Transit and the Climate Bill

Photo by Extra Medium, <a href="">via Flickr</a>.

If a gas tax is included in a climate and energy bill, will it actually achieve the desired goals of reducing emissions and oil use? From what the three senators devising the plan have said, probably not. Now eight senators are calling for the revenues from a tax to be invested in programs that do much more to cut planet-warming emissions.

Lead author Tom Carper (D-Del.) in a letter sent to Sens. John Kerry (D-Mass.), Lindsey Graham (R-SC) and Joe Lieberman (I-Conn.) on Monday caling for the revenue to be “reinvested into infrastructure strategies that will reduce transportation emissions and oil consumption,” they write. The bill should send the money to transportation projects, both for roads and public transit, and require the states and city planning organizations who receive funds to set goals for both greenhouse gas emissions and oil reduction. And in doling out the funds, the government should evaluate whether projects demonstrate savings in both areas.

The senators cite a recent study from the University of Massachusetts that found that every $1 billion of investment in transportation can create 23,000 jobs — a job-creation rate 36 percent higher than investments in things like incentive programs for renewable energy production. It could also save consumers significant amounts of money, the senators write. The Department of Transportation currently needs another $30 billion just to maintain current systems; a real improvement in our infrastructure would require another $75 billion in investment, they write.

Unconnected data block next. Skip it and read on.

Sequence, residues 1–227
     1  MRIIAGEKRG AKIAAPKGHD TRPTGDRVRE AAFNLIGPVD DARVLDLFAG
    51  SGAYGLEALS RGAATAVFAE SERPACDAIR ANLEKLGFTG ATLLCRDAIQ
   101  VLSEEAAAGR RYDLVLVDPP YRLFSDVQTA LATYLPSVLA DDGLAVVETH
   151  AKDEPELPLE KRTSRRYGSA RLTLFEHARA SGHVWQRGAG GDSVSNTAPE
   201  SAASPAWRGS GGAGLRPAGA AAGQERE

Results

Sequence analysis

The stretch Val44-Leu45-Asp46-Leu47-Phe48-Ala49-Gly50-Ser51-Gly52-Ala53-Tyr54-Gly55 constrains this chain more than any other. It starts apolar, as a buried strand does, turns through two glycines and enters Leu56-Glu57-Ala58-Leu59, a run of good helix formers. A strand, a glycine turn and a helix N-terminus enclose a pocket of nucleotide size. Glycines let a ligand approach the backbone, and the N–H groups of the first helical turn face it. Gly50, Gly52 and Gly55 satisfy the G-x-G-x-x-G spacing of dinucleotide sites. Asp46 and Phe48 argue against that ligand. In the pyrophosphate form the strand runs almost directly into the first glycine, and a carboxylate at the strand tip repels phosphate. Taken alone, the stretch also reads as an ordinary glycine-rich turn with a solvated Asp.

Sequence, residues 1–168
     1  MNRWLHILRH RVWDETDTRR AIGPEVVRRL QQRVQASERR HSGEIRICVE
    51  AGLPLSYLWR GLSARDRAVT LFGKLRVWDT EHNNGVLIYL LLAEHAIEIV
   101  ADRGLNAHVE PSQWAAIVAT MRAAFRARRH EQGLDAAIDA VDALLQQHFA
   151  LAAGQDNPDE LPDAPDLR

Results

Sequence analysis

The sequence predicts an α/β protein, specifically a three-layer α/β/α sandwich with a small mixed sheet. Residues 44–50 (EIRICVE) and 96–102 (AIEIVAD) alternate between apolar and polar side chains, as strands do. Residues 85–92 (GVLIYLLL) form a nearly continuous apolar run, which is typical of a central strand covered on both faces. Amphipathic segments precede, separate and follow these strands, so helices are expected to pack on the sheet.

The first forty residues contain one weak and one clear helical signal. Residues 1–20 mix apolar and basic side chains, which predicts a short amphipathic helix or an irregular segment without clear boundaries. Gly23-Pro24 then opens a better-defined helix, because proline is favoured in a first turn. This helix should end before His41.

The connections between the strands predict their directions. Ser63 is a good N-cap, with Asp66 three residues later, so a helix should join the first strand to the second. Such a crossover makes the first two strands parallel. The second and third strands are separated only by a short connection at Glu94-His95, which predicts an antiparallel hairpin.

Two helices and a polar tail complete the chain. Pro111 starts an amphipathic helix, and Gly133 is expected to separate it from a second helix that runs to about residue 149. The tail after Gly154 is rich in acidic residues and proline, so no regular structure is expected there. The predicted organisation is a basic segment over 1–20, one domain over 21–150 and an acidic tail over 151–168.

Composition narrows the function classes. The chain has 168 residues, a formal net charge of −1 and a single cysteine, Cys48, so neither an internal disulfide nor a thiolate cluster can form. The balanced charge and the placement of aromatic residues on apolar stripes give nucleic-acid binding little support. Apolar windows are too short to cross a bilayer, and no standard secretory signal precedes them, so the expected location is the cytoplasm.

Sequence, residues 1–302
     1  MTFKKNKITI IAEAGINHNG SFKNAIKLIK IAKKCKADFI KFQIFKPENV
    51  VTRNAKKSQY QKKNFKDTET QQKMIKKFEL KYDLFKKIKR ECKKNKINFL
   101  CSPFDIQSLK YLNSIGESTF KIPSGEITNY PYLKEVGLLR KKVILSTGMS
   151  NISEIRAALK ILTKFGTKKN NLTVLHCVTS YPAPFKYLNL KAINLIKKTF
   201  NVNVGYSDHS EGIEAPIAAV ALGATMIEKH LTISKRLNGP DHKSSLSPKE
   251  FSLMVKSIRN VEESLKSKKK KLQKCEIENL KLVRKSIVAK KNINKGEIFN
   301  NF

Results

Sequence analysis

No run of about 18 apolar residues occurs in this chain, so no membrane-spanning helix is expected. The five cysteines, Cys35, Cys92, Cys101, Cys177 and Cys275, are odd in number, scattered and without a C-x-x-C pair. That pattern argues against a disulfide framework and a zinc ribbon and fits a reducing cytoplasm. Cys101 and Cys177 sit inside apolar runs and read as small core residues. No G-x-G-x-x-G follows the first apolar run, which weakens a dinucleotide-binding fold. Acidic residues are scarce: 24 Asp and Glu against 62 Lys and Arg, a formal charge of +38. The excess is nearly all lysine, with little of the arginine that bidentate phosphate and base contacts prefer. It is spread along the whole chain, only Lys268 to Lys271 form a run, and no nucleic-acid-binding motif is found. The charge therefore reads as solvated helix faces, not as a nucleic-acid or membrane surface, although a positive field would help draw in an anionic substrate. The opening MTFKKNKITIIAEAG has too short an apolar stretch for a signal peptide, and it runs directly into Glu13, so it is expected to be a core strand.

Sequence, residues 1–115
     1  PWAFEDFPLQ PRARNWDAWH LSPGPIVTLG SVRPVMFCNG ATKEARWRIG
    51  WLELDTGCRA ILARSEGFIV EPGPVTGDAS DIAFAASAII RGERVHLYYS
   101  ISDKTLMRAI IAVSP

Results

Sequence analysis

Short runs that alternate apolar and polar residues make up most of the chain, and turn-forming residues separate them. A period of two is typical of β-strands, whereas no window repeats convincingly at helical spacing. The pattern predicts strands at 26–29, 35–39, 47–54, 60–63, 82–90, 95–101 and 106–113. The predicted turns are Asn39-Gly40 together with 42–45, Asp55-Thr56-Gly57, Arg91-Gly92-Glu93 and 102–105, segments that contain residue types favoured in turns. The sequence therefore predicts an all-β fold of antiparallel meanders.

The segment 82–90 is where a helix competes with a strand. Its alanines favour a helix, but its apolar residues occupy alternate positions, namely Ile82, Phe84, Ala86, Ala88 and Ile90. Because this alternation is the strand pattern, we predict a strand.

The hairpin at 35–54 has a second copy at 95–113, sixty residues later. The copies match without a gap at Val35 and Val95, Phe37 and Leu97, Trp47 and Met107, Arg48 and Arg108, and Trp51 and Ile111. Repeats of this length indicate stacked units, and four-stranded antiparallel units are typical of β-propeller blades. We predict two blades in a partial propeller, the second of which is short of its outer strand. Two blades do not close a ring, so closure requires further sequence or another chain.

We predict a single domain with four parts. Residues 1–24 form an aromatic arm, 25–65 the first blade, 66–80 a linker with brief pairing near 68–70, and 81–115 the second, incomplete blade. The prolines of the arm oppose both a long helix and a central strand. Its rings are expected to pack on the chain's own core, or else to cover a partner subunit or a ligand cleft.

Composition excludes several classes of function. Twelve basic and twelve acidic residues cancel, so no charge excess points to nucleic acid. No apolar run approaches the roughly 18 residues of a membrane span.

Arlen Specter (D-Pa.), Frank Lautenberg (D-NJ), Bill Nelson (D-Fla.), Ben Cardin (D-Md.), Jeff Merkley (D-Ore.), Kirsten Gillibrand (D-NY) and Michael Bennet (D-Col.) also signed the letter.

The Obama administration’s plan to reduce automobile emissions, issued last week, is a good start. But unless the climate bill triggers other meaningful reductions in transportation-related pollution, it will miss a huge opportunity to address the linked problem of emissions and oil dependence.


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  • Kate Sheppard was a staff reporter in Mother Jones' Washington bureau from 2009 to 2013. She is now a senior reporter and the energy and environment editor at The Huffington Post. She can be reached by email at kate (dot) sheppard (at) huffingtonpost (dot) com and you can follow her on Twitter @kate_sheppard.